College basketball guru Ken Pomeroy released his preseason rankings a few days ago. These ratings are not your standard preseason website or magazine predictions because they are completely data-driven. To put it simply, Pomeroy is more than likely a great deal smarter than you or me. His tempo-free statistics remove some of the spin and fluff of the season in favor of measurable aspects like efficiency, schedule strength and luck. Uninformed pundits may talk about a team being great defensively because it gives up a very low number of points per game, but it’s wise to also evaluate the same notion through the prism of points per 100 possessions. That team may be great defensively as a matter of fact, but it also might just play at a really slow pace with fewer possessions (and hence, fewer opportunities for the opponent to score). Here are some observations about how the Big Ten fared in Pomeroy’s first list of ratings.

Tom Crean's Indiana squad starts the season just outside top 25 according to Ken Pomeroy. (AP).

Tom Crean’s Indiana squad starts the season just outside top 25 according to Ken Pomeroy. (AP).

  • Indiana Rates More Favorably Here Than With the Media. Pomeroy thinks that the Indiana offense will be much better after it finished 2013-14 ranked 127th in offensive efficiency. He also believes that the Hoosiers’ pace will quicken, from 106.5 points per 100 possessions to 110.9. For this to happen, the Hoosiers will have to cut down on their turnovers. They ranked last in the league in that metric last season, turning the ball over on 21.8 percent of the time. With Yogi Ferrell now having more help on the wings with freshman James Blackmon Jr. and Robert Johnson coming into the program along with transfer Nick Zeisloft, Pomeroy thinks Tom Crean’s unit will be a good deal more efficient on the offensive end. The media picked Indiana ninth in its preseason poll, so it looks as though Pomeroy’s model values the Hoosiers a bit higher than the eye test.

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Morning Five: 07.16.14 Edition

Posted by nvr1983 on July 16th, 2014

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  1. The big college basketball news of the week was the decision by Emmanuel Mudiay to back out of his commitment to play at Southern Methodist to play overseas. As Mike Lemaire points out in his piece on the news it is a huge blow to SMU and Larry Brown’s plan for a quick turnaround. Outside of Mudiay’s concern for his family’s financial well-being during his year at college, which will probably be allayed in the near-term as he heads to Europe, there were also questions as to whether issues regarding financial compensation or academic concerns would have already made him ineligible to play in college anyways. With Mudiay’s talent, he has the potential to make the transition back to the NBA eventually like Brandon Jennings did in 2009, but we will miss seeing his talents try to reinvigorate the SMU program.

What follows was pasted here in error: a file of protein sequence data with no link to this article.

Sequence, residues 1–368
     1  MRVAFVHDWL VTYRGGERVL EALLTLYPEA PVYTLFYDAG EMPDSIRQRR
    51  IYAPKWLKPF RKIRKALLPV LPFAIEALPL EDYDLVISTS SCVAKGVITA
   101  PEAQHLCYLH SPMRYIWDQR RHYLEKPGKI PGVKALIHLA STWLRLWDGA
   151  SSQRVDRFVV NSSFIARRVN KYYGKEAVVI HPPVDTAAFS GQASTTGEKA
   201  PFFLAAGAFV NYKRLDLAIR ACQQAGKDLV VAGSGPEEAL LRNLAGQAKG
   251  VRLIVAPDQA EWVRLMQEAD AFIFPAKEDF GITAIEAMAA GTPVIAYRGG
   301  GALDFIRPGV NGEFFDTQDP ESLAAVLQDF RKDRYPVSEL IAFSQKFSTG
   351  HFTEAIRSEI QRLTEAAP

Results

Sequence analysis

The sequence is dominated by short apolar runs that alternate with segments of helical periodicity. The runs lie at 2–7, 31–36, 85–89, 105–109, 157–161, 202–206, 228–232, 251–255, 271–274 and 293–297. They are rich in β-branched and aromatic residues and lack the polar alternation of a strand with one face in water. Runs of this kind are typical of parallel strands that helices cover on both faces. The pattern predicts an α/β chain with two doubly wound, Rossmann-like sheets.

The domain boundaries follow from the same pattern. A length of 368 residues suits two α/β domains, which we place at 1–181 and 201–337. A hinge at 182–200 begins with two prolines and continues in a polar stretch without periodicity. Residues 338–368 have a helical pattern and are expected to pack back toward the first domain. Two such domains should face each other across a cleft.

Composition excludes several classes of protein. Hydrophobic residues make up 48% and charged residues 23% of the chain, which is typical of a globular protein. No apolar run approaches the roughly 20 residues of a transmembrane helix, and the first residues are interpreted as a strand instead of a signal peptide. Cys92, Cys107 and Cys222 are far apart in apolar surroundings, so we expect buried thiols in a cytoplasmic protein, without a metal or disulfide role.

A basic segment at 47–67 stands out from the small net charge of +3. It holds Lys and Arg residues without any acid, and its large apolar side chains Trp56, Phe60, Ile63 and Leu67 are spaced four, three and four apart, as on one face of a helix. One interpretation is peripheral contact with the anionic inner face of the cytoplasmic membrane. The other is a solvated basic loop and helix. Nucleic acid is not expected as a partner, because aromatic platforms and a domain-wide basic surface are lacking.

2. Sean Miller might not be John Calipari on the recruiting trail yet, but he is still doing a pretty good job. His latest addition is Ray Smith, the #26 prospect according to ESPN in the class of 2015. Smith, a 6’8″ small forward, verbally committed to Arizona soon after tearing his ACL. Although Smith might miss his entire high school senior season recovering from the injury it could be a blessing for the Wildcats, who beat out several other prominent schools to land Smith, who might not have committed to them if he had more chances to showcase his talents. As Adam Finkelstein notes, the Wildcats have already had four straight top-10 classes, but this one has the potential to be a top-5 class or even #1 overall if things break right for them.
  3. There were interesting pieces of news that will lead players to miss some time next season. Butler transfer guard Austin Etherington, who averaged 2 points and 1.6 rebounds at Indiana last season, is expected to miss 3-4 months after undergoing surgery on his right foot. Georgia dismissed Brandon Morris after the junior forward was arrested on felony charges of intent to sell marijuana. Morris averaged 8.6 points and 3.4 rebounds per game last season, but also missed three games due to an undisclosed violation of team policies. Iowa suspended Peter Jok after he was arrested for driving his moped with a revoked license. Jok, a sophomore, already had his license revoked after receiving a DUI on his moped in April so this will be a second strike against him. Although Jok only averaged 4.4 points per game as a freshman last season he was expected to pick up many of Roy Devyn Marble’s minutes and production. We are assuming that Fran McCaffery will let Jok back on the team, but if he doesn’t it would be a big loss for the Hawkeyes.
  4. We were not even aware Iowa State coach Fred Hoiberg had a pacemaker (or any cardiac issues for that matter) until he had a battery replaced in the pacemaker yesterday. The pacemaker was put in at the time of his surgery for an aortic root aneurysm as the result of a complication from surgery (injury to the bundle of His) that necessitated the need for a pacemaker. Apparently, Hoiberg noticed that his heart rate was not elevating to the normal range leading to the replacement of his pacemaker battery. According to Hoiberg and the school the replacement appears to have been uneventful, which is not surprising given how straightforward it is, but is still good to hear.